Reid Park Zoo Receives Positive Avian Influenza Test Result, Safety Measures Already In Place
Reid Park Zoo has received positive avian influenza test results for three of the birds in its care. The Zoo’s avian influenza safety protocols have been in place proactively for more than a week while test results were pending.
“Our animal care and veterinary team was able to enact safety measures as soon as avian flu was suspected to keep the other birds in our care safe. We have prepared for this scenario,” said Dr. Alexis Roth, Reid Park Zoo’s chief veterinarian.
Avian influenza is an annual concern for all bird species. Emergency plans for avian influenza are based on recommendations from the biosafety procedures developed by the U.S. Department of Agriculture’s (USDA’s) Animal and Plant Inspection Service (APHIS) to help prevent the potential spread of the virus from wild birds.
Reid Park Zoo has been in frequent communication with the State Veterinarian’s Office as well as the USDA to ensure all necessary precautions are being taken.
Avian influenza is a contagious and often deadly virus that affects birds. It is spread through fecal matter, saliva, and nasal discharges from wild birds and can also be transmitted from humans to birds through contaminated equipment and clothing. Health experts say that while the disease poses a serious threat to some bird species, its risk to humans is low.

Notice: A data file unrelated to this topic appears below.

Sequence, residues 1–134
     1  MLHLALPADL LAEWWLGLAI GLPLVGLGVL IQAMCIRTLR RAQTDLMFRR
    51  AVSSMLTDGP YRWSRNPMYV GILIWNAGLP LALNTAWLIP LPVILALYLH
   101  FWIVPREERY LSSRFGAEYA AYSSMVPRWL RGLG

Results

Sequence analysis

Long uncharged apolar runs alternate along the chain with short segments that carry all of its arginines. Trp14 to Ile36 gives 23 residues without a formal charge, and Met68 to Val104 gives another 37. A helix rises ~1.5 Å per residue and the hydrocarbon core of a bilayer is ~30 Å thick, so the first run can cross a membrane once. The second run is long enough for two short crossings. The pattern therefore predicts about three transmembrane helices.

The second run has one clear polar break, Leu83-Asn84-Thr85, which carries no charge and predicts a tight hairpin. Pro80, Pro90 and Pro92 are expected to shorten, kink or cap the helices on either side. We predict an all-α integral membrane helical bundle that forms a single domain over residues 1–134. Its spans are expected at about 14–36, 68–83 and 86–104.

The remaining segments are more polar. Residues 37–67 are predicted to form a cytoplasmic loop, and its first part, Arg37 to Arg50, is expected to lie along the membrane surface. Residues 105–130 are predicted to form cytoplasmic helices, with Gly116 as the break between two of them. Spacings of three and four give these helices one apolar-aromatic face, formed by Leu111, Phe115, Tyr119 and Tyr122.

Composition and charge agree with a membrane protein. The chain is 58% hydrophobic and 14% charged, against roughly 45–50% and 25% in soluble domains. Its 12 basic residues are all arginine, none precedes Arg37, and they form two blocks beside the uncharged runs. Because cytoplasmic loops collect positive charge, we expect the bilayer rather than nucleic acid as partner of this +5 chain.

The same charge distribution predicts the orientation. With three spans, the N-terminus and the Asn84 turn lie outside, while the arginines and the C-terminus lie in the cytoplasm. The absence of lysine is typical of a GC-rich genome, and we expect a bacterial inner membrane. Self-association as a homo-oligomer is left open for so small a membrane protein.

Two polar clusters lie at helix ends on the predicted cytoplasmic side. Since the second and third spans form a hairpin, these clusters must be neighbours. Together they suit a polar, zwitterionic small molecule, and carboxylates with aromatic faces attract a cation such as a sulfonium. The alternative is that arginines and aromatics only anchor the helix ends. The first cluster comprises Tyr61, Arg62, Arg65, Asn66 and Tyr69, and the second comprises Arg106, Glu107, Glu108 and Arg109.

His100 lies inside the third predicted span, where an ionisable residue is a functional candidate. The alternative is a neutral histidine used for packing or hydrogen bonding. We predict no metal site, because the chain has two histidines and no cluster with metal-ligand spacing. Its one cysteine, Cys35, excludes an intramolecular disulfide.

Reid Park Zoo announced that a male king vulture, named Phil, passed away in late October following a brief illness. Test results received this weekend revealed Phil tested positive for the H5 avian flu strain. Two other birds who lived in close proximity to Phil have also tested positive: a crested jay, who also passed away, and a scarlet ibis who is being monitored in the Zoo’s animal hospital.
As a further precaution, Reid Park Zoo has been testing its flocks, and thus far no other birds are exhibiting symptoms or appear to have been affected at this time.
As a safety measure, both of the Zoo’s aviaries are closed to the public until further notice. The Zoo is continuing to test its birds for any possible exposure and monitoring signs of infection. In addition, all animal care staff entering bird areas wear personal protective equipment (PPE) and undergo other measures including disinfectant foot baths and restricted access to bird habitats.